Day 3 of our cruise landed on the island of San Cristobal, one of the few inhabited islands in the Galapagos. It felt weird to step foot on an island with people and shops rather than blue footed boobies and cactuses, but hey, we got phone reception for the day!
We toured the San Cristobal Interpretation Center and learned about the history and settlement of the islands. After that, we spent some time roaming freely around town, shopping for souvenirs and indulging in coffee and ice cream. It was a rather uneventful stop, but a good relaxing break in between all the hiking and snorkeling.
We went back onto the boat for lunch, and then got ready for our afternoon snorkel. The water was unbelievably clear and warm, making it such a pleasant experience to be in it. We swam next to sea turtles, and watched the most playful sea lions perform around us IN the water! I couldn’t get over how amazing it was to just watch them in their natural habitats, being so free and happy!
Day 4 was probably my favorite day of the cruise. We spent the morning on the island of Espanola, in Gardner Bay. One of the perks of traveling during the pandemic was definitely not having to deal with crowds. The Galapagos Islands have always limited the number of visitors on each island at any given time, even pre-pandemic, to protect their wildlife. But, you’d still get at least several boats docking on the same island together, maneuvering their passengers around each other. When we were on the Galapagos Islands though, our boat was the ONLY active boat with tourists, so we essentially got every uninhibited island to ourselves! While that was amazing on every island, it was especially magical at Gardner Bay because it was one of the most beautiful beaches I had ever stepped foot on!
The whitish coralline sand on Gardner Bay felt so soft underneath our bare skin! Besides the handful of people from our boat, the only other occupants of this extraordinary beach included several colonies of Galapagos sea lions. They didn’t seem bothered by our presence at all, and some of the curious young ones even waddled up to us wanting to play!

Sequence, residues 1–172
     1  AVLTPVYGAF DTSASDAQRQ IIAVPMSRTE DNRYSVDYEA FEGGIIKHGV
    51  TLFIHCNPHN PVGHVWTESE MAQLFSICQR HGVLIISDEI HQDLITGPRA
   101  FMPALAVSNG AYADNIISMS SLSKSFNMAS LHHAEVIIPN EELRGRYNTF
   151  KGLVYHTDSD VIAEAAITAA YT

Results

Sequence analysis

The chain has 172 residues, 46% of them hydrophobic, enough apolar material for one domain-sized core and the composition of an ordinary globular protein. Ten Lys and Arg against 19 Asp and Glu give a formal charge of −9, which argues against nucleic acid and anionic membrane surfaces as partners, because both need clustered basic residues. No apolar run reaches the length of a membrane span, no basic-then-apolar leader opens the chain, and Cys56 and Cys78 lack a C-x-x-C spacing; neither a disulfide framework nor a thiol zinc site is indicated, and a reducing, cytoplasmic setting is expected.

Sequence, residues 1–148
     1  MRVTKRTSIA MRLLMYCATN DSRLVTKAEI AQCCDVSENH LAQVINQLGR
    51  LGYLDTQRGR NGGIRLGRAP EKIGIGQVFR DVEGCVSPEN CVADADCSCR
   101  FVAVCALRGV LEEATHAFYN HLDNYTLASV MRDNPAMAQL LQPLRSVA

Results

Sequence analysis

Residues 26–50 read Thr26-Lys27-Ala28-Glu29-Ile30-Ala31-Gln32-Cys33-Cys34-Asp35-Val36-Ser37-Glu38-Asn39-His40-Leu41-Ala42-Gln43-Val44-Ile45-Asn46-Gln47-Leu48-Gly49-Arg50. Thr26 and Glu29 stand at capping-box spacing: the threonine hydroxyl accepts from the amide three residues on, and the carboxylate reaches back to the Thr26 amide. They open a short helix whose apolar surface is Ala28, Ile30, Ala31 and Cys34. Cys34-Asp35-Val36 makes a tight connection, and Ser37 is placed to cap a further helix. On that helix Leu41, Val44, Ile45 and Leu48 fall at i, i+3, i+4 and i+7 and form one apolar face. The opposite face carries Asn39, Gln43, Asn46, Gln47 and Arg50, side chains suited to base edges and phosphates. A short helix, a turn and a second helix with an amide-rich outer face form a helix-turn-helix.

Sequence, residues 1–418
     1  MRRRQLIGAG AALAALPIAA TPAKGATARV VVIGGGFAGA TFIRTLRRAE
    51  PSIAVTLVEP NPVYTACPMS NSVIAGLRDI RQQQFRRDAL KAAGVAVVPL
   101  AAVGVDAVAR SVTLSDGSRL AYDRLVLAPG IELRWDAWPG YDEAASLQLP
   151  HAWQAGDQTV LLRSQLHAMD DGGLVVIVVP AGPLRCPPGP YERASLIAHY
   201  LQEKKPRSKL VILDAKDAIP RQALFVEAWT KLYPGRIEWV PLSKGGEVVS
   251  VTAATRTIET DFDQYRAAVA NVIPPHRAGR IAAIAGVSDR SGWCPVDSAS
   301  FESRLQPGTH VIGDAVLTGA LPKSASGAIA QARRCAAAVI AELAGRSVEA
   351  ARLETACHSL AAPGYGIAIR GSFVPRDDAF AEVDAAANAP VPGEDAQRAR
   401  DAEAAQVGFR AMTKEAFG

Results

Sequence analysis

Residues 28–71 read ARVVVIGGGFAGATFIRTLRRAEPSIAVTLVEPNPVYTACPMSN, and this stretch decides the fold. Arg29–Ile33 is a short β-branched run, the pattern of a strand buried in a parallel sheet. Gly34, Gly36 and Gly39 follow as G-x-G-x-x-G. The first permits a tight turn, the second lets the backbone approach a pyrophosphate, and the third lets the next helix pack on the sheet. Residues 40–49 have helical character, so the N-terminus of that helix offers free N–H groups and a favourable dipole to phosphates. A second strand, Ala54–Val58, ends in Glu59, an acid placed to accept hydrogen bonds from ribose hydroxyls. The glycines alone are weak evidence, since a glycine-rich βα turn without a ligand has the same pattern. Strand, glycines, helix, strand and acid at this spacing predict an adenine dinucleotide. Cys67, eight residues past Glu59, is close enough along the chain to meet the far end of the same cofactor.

We literally felt like we were in another world. Traveling really broadens my perspective on so many levels, because it takes me away from my bubble, and once I’m removed from my bubble, the little stuff in my day to day life is no longer magnified. I get to marvel on God’s creations all around me, and the simplest things bring me great joy.
While on the Galapagos Islands, there was little to no cell phone reception or Wifi for us. As city dwellers, that felt uncomfortable during the first day or so, but once we immersed ourselves into the experience, we hardly gave our connectivity a second thought. In fact, we were so focused on connecting with each other, the people around us, and all the animals, we probably wouldn’t have had time to look at our phones even if we had connectivity! It truly felt refreshing to be disconnected from everyone except for those around us, enabling us to be fully present with each other.
Day 5 took us to the island of Floreana, where we visited Cormorant Point, eagerly anticipating to see the hundreds of Flamingoes that could sometimes be seen there. Much to our disappointment though, this was the scene that greeted us….